1. Be anonymous. If you are a job-seeker and are afraid of people ‘knowing who you are’ on LinkedIn STOP IT. The whole point of making your profile and firing off copies of your resume is so that employers can go look at your face, read up on what you’ve done, and even see what your past boss had to say about you. Yes, sure, they could call up “Benny Bossman” but wouldn’t you prefer to save them the trouble? And yes, sure, you might want ‘your privacy’ on the internet…but if you want to remain anonymous, don’t use LinkedIn.
  2. Update your status erroneously. There is a time and a place for letting your friends that you are off eating a sandwich, and that place is not LinkedIn. Instead, post articles you  feel are interesting or post blogs that you have written (I do that currently). I would try to avoid political statements, but if there is a genuinely compelling political article from a ‘legit’ source (by which I mean Politico, CNN, or any major news source,…not a GodHatesObama.net or RomneySucks.com).
  3. Start any cover letter with ‘To whom it may concern”. If you are using something as forward-thinking and modern as LinkedIn for your job search, avoid looking archaic and bland…actually look up the Talent Director/ Recruiter’s name. The more you appear to care, the better the end result.

I hope this reaches you well, and good luck!

How To Make Me Hate Your Company

Social media has been hailed by many as the beacon of hope in dark times to bring customers to companies through engaging content and web presence among ‘the usual suspects’. Tweeting as a company, posting on Facebook, and even scheduling content to help wave the pom-poms for your company are all great starts at creating an iconic and successful brand. But like all good things, when done too often, too forcefully, or incorrectly, social media can quickly turn into a untameable monster that will drag your company to the pits of hell. Run-amok twitter handles, overly sales-y content, and bullhorned / overpromoted / overzealous status updates on products are just a few things that will make me hate your company. Here is a full list of great ways for me to hate your company:

  1. Tweet about thyself hourly.
  2. Make thy Facebook plugins massively spammy.
  3. Shove thy sales emails down my throat.
  4. Post on thy Facebook more than 5 times a day.
  5. Promote all of thy tweets all the time.
  6. Post nothing but bland sales copy on thy social media.
  7. Beg me hourly to use thy hashtag.
  8. Robotically address they customer service queries.
  9. Indifferently respond to thy fans.
  10. Hustle influencers.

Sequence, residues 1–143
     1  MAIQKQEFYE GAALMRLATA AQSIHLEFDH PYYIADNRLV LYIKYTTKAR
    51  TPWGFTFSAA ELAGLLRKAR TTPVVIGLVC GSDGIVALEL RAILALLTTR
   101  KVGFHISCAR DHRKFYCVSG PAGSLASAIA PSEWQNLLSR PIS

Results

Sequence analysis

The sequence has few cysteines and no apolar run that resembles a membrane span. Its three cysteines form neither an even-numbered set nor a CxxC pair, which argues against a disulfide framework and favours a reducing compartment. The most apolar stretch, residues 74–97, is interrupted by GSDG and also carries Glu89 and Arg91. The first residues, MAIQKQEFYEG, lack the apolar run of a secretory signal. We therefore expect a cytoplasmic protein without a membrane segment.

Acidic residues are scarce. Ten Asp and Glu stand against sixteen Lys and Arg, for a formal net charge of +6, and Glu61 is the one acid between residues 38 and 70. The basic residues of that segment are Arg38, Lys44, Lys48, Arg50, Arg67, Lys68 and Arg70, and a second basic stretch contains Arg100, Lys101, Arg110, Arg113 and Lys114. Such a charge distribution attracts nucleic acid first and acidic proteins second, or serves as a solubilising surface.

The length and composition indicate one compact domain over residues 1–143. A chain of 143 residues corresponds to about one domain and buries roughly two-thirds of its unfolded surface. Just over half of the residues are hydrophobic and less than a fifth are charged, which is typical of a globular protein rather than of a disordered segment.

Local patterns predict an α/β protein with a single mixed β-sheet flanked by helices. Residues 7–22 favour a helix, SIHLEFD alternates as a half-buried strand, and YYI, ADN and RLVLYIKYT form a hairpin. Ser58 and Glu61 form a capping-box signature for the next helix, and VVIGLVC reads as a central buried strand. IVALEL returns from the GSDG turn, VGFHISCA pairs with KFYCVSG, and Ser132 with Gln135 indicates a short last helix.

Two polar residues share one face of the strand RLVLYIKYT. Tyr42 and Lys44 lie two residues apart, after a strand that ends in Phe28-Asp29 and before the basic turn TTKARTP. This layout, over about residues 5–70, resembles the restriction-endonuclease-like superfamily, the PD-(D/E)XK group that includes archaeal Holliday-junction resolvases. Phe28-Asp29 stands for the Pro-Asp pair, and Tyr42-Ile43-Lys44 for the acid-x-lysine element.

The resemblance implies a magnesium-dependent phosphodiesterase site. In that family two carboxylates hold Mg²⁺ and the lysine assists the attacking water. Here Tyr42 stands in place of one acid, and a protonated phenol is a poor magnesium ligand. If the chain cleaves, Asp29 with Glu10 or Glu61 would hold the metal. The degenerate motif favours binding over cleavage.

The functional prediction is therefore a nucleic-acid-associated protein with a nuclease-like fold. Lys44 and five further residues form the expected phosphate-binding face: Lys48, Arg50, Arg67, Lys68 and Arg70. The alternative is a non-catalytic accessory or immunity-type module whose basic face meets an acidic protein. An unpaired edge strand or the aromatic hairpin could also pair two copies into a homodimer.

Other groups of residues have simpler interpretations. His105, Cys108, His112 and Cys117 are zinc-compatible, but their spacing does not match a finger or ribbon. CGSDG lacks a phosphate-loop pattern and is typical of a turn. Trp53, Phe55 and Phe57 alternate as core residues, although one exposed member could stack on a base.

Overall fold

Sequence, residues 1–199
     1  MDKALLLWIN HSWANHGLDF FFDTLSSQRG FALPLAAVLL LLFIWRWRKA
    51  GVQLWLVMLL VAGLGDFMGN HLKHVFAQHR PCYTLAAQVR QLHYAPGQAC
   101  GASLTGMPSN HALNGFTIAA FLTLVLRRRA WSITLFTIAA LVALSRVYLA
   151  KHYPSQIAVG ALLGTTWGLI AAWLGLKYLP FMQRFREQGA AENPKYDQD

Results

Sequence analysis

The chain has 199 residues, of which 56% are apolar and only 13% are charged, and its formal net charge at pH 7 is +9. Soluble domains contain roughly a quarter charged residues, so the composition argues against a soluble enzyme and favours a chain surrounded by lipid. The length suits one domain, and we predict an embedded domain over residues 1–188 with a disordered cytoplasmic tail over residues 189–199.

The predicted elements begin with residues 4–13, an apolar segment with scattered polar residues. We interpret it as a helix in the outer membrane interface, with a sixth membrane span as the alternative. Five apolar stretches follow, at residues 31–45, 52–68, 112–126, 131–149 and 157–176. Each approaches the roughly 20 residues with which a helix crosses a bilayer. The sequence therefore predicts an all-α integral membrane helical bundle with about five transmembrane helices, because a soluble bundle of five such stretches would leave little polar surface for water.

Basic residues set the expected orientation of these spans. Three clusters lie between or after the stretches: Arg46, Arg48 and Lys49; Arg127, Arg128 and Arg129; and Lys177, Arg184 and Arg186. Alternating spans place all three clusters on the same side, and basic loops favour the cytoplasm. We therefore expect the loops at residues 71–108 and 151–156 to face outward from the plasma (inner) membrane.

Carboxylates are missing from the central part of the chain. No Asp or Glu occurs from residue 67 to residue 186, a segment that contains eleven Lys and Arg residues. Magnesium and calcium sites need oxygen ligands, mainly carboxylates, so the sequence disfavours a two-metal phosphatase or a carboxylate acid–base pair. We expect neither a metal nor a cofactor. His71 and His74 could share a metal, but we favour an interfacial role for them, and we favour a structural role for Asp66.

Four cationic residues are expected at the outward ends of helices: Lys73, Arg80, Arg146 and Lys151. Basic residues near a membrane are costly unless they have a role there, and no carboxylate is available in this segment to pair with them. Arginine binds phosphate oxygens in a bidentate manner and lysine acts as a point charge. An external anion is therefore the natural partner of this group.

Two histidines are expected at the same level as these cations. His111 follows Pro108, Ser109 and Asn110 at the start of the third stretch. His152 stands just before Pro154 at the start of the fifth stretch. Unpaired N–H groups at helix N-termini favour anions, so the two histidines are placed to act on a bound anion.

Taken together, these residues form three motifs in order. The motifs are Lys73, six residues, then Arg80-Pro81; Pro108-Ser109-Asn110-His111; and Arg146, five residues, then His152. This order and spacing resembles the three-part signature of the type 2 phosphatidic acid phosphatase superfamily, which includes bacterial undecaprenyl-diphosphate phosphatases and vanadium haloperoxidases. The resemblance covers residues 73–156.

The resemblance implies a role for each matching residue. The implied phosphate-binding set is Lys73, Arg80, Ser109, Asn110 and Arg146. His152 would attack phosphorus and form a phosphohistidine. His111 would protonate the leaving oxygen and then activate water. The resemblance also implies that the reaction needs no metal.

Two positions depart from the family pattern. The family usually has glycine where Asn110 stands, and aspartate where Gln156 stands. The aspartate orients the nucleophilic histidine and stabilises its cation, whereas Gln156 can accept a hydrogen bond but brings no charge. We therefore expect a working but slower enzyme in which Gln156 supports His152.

11. Conduct thyself like a human airhorn, spewing your uninteresting materials across the web and in general making a huge mess.

What can you do to make me love you?

  1. Be human.
  2. Actually respond to me when I tweet at you / comment on your social media.
  3. Actually respond to me questions and customer complaints.
  4. Show me your office, your life, ….affirm that you’re a person not a bullhorn…just don’t go too crazy.
  5. Shout me out once in a while  (show that you care that I like you).
  6. Show me special offers only sometimes.
  7. Relate to my demographic (I like music, what kind of music do you like? etc).
  8. Just be yourself. Even if yourself is a nerdy CEO of a soap company that likes Batman and PopTarts…Rock it.

The Essential Interview Kit

When you’re hunting for that elusive job, you will need to pack quite the toolkit. Whether you’re toting a plastic folder, a flashy attaché case, or a hybrid of the two, you will need a ‘kit’ to navigate job fairs, interviews, and the occasional run-in with a recruiter on the street. Sure, you may know some of the things to bring in your kit, but do you have the full she-bang to knock ’em dead? Check this handy list I compiled based on what I have heard from friends/family/colleagues/bosses/etc.

Example leather folder/attaché. Image courtesy of High Veld Promotions

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What’s A Tweetdeck? Hootsuite?

No, Tweetdeck is not a new weapon the Bad Piggies are using against Angry Birds. Similarly, Hootsuite is not a nightclub for owls. Both are fabulous ways to organize your twitter.

It should be noted that I’m a proud Android phone owner, but a mac computer user so my experience with apps tend to be more skewed to what works on my android.

If you are new to social media (or seasoned, and want a refresher) here are two tools you should have in your kit to effectively manage media:

  1. Tweetdeck. Tweetdeck is an excellent tool to manage streams of tweets and keep up with trends. You can create tabs which monitor every tweet containing specific hashtags, and even scan for mentions of you and your branding. The real advantage? If people misspell you brand name, your handle, or your name you can seek them out and reply to anyone and everyone that has mentioned you. You can also schedule tweets for peak viewing hours, (and for days when you take vacation so you can put your phone away) and track the effectiveness of your tweeting (Click-through-rate, # of clicks, relevancy, etc). Its very effective for tablets and light computers, especially for ‘bullpen’ scenarios where you are dealing with a steady flow of material. Can get a little wonky on android devices.
  2. Hootsuite. Basically everything that Tweetdeck is, but you use it via your internet browser, not as a separate app (except when you use a mobile device). The other major difference is that Tweetdeck is now owned by Twitter, which for me colored my opinion about it It doesn’t make streams update automatically (well, auto but not as blazingly fast).This is handy if you get easily overwhelmed or dizzy from watching twitter conversations fly by in light speed. The setup is (in my opinion) more user-friendly, and feel less like a stock ticker than Tweetdeck. If you want efficient, free, and a good starting point, opt for Hootsuite.

Harnessing LinkedIn

Hello Again!

Did you miss my actually helpful posts? Well good, because I’ve done away with Viral Monday and the lot, and I’m just going to stick to NYC updates and social media helps and how-tos. ENJOY!

So as I’ve been navigating today’s job market, I’ve started to pick up on some valuable networking strategies that should absolutely be at your disposal as you navigate the tricky prospect of getting hired in 2012. Previously I’d mentioned specific job sites (or job boards), learning social media, etc; what I want to really hammer home today, is how to effectively utilize one major tool for employment, LinkedIn.